We had some stained cabinets and doors that were being painted "Snowbound" white. Here are the steps that I take to ensure high quality work and a beautiful finish.
1st. Mask everything in the garage and set up a booth to sand and spray the cabinets and doors.
2nd. Sand the clear coat off with a 220 grit sand paper. The goal is to remove the clear coat without scratching the wood beneath it. (Video #1 & #2)
3rd. Set up the cabinet doors and the full size doors (Video #3) and wipe them down to make sure they are dust free in order to ensure the surface is ready to accept the primer.
4th. Load the sprayer with an oil blocking primer. I prefer to use a water based primer (Smart Prime). This is an easy to use, low VOC primer that will bond on latex and oil based surfaces, while also being easy to clean out of your sprayer because it is water based.
5th. Spray 2 coats of primer on the back of the cabinet doors (Video #4) and on the standing doors. I like to use a low pressure, fine finish tip (312) to make sure that I limit my over-spray as well as not apply too much product. When the primer has cured on the backs of the cabinet doors, flip them and proceed to apply 2 coats on the front of them.
6th. Once the primer is fully cured on both the front and back of the cabinet doors as well as all of the inlays of the standing doors, use the 220 grit sandpaper to scuff sand the faces (simply knocking down rough spots). This is a very light sanding process.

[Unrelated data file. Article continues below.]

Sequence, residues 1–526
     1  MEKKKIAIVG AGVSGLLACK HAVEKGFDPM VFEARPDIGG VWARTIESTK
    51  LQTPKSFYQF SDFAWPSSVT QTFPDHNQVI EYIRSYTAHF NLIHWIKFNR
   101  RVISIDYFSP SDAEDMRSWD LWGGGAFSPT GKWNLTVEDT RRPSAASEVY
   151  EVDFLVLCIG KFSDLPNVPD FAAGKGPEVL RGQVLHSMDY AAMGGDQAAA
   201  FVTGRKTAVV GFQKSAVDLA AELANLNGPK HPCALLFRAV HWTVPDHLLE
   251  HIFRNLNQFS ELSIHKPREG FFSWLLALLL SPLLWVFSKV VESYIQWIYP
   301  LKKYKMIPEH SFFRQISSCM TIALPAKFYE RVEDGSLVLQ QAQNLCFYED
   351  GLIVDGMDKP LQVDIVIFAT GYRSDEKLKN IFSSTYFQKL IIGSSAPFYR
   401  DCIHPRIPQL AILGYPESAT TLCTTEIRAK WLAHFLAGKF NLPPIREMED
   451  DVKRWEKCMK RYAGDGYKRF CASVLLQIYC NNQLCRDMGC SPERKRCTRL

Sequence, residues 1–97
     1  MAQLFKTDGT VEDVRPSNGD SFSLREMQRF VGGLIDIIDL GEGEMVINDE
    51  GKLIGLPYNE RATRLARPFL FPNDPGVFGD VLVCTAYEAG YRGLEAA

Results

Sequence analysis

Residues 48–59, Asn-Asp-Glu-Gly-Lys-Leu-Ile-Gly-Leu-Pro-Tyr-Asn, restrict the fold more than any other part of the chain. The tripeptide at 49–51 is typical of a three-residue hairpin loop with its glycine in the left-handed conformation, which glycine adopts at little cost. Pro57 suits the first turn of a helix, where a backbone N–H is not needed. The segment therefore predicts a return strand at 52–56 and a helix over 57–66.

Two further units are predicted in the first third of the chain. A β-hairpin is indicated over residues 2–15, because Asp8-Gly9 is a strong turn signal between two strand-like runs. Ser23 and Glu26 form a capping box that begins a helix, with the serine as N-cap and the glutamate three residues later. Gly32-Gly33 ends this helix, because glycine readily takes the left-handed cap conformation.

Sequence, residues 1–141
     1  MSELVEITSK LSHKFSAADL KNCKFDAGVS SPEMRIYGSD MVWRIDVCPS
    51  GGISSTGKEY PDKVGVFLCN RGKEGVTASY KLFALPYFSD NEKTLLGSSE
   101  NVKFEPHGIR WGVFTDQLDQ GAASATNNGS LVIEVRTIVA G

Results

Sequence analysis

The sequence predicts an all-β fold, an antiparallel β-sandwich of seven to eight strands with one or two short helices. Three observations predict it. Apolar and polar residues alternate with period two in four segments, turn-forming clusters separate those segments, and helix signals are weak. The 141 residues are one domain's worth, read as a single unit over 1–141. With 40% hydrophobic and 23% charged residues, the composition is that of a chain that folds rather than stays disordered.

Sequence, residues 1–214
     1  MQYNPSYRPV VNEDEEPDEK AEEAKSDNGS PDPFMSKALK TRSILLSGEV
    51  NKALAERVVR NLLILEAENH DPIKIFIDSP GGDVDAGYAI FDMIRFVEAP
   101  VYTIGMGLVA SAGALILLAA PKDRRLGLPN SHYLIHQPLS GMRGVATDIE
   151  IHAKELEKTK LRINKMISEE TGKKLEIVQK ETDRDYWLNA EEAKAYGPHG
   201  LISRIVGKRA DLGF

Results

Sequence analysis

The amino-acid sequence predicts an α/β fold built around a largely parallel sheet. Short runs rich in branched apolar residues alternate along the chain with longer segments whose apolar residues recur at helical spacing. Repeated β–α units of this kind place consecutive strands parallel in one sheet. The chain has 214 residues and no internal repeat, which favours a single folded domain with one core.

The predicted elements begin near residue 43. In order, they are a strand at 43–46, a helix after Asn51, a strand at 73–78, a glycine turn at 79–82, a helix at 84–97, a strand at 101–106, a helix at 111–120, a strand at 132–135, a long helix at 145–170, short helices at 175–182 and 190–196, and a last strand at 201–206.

7th. Wipe the dust off the doors from sanding to ensure the smoothest finish as possible.
8th. Clear the primer out of the sprayer and load up the paint of choice. I prefer to use a great Sherwin-Williams product (Emerald Enamel) although other quality products range from the "Pro-Classic" and "Multi Surface Enamel", These products will allow for durability as well as a beautiful finish.
9th. With the same 312 tip in the sprayer apply a quick cover coat on the back of the cabinet doors and a full coat on the standing doors.
10th. When the paint has dried, repeat light sanding process on the back of the cabinet doors as needed (may not be needed on doors that did not collect dust while drying).
11th. Apply final coat on the back of the cabinet doors.
12th. When the paint has cured flip the cabinet doors and give the front face a light sand with the 220 sand paper.
13th. Wipe cabinet doors.
14th. Still using the 312 tip spray a cover coat on the cabinet doors.
15th. When the first coat has fully dried it is time to give the standing doors their final light sanding session as well as the front cabinet faces.
16th. Wipe down all surfaces to prepare for the final coat and make sure there is as little dust on the cabinet and doors.
17th. Spray the final coat on the cabinet doors as well as the full doors.
After the final coat is applied allow the doors to dry overnight so the paint can fully cure and harden. The doors are ready to be hung and will have a smooth beautiful finish.